EFF REJECT THE BROADCASTING AMENDMENT BILL AS A PROPOSAL FOR TOTALITARIAN RULE
07 December 2015
The EFF rejects the Broadcasting Amendment Bill which seeks to change the responsibility of recommendation for appointment of the SABC board to be the sole responsibility of the Minister as an anti-democratic totalitarian move. In the Bill, it is proposed that section 13 of the Act must be amended to completely eliminate the role of parliament in the appointment of the SABC board and that the number of board members be reduced from 12 to 9. The Bill states that:
“The [twelve] nine non-executive members of the Board must be appointed by the President on the advice of the [National Assembly] Minister."
"(2A) (a) Subject to subsection (2), the Minister must appoint a nomination committee to make recommendations to the Minister for the appointment of non-executive members of the Board contemplated in subsection (1)."
This proposal demonstrates an uncontrollable desire by the ANC government to totalitarianism and be accountable to no one. The significant thing of any totalitarian government is total control of public broadcasting services coupled with suppression of all media freedom. With the ANC this is signified by this Amendment Bill and the revived proposals for a media tribunal. These are all effort to create a government that cannot be criticised or held accountable by both parliament and the people through journalistic independence and freedom.
The wisdom of the appointment process of the SABC board being in the hands of parliament in the first place because of the constitutional doctrine of separation of powers. This is because the Minister is part of the same body as the President - the cabinet. Proposed appointment of the board by the minister who then recommends to the president is therefore internal to the cabinet itself, a futile repetition masquerading as efficiency and a direct assault to the constitutional principle of separation of powers.
Parliament, even if it is one party dominated, has a principled distance in terms of the doctrine of the separation of powers, from the cabinet. This body, parliament, is so crucial that it is also constitutionally responsible for the election of the President. To have the president, alternatively the cabinet, to be the sole advisory and appointment body transforms the public broadcaster into a state broadcaster, and thus a totalitarian move. What guarantees the identity of the SABC as a public broadcaster is that the appointment of those who preside over it lies in the two arms of the state who keep checks and balances on each other - parliament and the cabinet.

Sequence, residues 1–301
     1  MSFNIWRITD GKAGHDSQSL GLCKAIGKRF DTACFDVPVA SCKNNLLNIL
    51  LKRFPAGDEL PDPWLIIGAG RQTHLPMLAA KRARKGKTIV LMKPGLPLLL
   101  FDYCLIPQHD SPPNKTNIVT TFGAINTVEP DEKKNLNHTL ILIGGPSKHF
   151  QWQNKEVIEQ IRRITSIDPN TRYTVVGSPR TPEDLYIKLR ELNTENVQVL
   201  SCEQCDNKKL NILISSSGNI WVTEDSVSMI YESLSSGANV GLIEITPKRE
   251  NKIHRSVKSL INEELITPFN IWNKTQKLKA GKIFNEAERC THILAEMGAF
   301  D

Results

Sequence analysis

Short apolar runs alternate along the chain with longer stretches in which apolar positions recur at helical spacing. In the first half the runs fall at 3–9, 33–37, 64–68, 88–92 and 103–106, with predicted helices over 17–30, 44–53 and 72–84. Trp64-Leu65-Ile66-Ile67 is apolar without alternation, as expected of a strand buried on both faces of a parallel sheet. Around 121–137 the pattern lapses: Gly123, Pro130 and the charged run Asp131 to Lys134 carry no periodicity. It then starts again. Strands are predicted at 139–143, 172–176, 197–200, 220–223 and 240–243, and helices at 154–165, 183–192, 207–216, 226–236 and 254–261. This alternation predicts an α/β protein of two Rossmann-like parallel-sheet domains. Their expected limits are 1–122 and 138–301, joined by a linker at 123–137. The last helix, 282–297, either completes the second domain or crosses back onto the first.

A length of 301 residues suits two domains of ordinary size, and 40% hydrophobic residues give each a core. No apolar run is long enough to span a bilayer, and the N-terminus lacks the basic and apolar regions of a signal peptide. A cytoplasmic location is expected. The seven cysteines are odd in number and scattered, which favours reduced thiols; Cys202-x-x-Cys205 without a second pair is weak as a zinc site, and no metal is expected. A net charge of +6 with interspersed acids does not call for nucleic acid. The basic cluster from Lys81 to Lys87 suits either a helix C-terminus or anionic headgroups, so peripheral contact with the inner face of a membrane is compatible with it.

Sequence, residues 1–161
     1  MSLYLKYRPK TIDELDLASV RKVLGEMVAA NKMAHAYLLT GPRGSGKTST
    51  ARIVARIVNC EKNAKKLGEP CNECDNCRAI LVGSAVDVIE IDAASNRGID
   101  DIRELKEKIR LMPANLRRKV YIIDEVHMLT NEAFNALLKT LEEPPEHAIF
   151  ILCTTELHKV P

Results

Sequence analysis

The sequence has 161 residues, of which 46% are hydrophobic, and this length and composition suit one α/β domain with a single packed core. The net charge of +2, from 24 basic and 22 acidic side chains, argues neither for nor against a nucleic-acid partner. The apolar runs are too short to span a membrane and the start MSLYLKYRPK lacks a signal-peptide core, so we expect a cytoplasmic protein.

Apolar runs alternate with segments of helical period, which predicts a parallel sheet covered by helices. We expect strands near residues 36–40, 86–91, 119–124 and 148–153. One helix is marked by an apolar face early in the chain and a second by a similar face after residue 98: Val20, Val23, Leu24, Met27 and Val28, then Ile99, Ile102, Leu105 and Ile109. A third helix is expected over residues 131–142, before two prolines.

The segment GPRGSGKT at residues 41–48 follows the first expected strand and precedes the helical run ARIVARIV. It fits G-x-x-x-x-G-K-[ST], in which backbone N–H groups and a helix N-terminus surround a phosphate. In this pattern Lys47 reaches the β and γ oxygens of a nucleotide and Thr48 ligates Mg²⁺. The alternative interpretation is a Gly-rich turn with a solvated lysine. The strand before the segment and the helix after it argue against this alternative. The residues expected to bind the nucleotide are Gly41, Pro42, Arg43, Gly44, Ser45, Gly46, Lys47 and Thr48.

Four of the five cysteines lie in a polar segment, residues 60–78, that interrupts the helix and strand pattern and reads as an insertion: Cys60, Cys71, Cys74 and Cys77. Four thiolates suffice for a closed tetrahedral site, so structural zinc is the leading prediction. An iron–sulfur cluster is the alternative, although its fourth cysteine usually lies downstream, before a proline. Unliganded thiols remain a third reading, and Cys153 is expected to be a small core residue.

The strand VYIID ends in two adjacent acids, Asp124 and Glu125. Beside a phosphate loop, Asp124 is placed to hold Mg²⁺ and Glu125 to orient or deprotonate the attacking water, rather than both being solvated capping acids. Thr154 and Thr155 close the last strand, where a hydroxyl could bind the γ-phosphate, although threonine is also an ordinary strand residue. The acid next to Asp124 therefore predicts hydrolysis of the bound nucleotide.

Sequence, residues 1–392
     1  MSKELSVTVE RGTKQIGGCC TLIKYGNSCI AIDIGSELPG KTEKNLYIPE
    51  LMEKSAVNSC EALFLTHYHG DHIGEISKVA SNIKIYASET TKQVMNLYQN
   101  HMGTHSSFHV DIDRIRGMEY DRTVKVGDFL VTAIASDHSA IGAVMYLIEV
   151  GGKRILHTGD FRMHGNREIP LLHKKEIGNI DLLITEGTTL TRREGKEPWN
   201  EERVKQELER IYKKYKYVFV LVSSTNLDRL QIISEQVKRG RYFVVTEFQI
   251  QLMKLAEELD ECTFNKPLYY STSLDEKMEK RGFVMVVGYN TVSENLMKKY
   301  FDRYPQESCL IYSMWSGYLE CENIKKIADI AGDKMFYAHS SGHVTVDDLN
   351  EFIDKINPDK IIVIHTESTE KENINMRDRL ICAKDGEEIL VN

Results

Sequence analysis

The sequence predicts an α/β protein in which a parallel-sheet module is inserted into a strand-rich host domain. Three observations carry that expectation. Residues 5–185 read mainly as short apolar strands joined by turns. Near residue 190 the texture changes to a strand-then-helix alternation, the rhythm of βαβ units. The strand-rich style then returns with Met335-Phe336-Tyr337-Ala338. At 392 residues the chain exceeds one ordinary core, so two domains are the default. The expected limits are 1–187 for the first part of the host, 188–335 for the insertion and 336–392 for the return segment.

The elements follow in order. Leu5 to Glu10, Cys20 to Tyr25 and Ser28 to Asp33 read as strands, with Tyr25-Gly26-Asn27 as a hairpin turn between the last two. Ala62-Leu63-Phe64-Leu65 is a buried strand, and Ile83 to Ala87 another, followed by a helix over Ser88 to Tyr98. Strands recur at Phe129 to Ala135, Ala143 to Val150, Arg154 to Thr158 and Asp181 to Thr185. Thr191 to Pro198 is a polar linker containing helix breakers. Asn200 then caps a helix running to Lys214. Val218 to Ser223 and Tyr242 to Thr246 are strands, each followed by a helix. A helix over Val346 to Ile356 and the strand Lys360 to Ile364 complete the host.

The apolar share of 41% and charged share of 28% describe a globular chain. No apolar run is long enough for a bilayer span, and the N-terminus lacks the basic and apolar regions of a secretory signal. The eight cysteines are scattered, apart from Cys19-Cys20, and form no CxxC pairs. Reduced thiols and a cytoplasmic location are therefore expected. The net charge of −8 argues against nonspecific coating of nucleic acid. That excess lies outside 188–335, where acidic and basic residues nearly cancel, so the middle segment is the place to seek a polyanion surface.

The significance of a parliament advice is also that it goes through a large body of democratically elected representatives who at all levels ensure that individuals recommended have been subjected to due process. This is unlike the new proposal which lies in the hands of just two individuals; the president and minister. As things stand, the Act allow the president the necessary grounds to guarantee the constitutional requirement of Freedom of expression and the journalistic, creative and programming independence by not being the sole appointer of those who run the public broadcaster.
This independence of the SABC is precisely about being independent from the cabinet, above all else. Otherwise, if those who preside over the SABC depend solely on cabinet to be appointed, cabinet can suppress criticism, particularly journalistic, creative and programming criticism on its role in society by simply appointing those who agree with it.
Without the public broadcaster, held accountable by both parliament and cabinet, society only depends on corporate private broadcasters to hold politicians accountable. This bill is therefore an apartheid move, a fascist totalitarianism seeking to monopolise the running of the people’s broadcasting services to government. It represents a regression of transformation of the industry in terms of pubic access and its independence, a key democratic gain from the murderous apartheid regime. It is evidence that ANC is again selling out the Freedom Charter which states that "all people shall be entitled to take part in the administration of the country".
The removal of parliament must be seen as consistent with the general hatred the ANC possesses for accountability. It is the final pin in the coffin of state owned and controlled propaganda machinery alongside the Gupta owned media platforms that all sell government agenda with the aim to collapse the difference between the state and the party.
The EFF rejects this Bill and it will challenge it up to the highest court in the land. We call on all the people of South Africa to reject the ANC which is conspiring to amend the Broadcasting Act so that it can also steal local government elections by suppressing all reporting of its electoral crimes on SABC platforms. It must be rejected because without parliament, people like Hlaudi Motsoeneng who are unqualified to hold positions they occupy, will be increased in the leadership of the SABC solely because they want to kill independent journalism within the pubic broadcaster and stop all criticism on the government of the day.
Statement issued by the Economic Freedom Fighters, 7 December 2015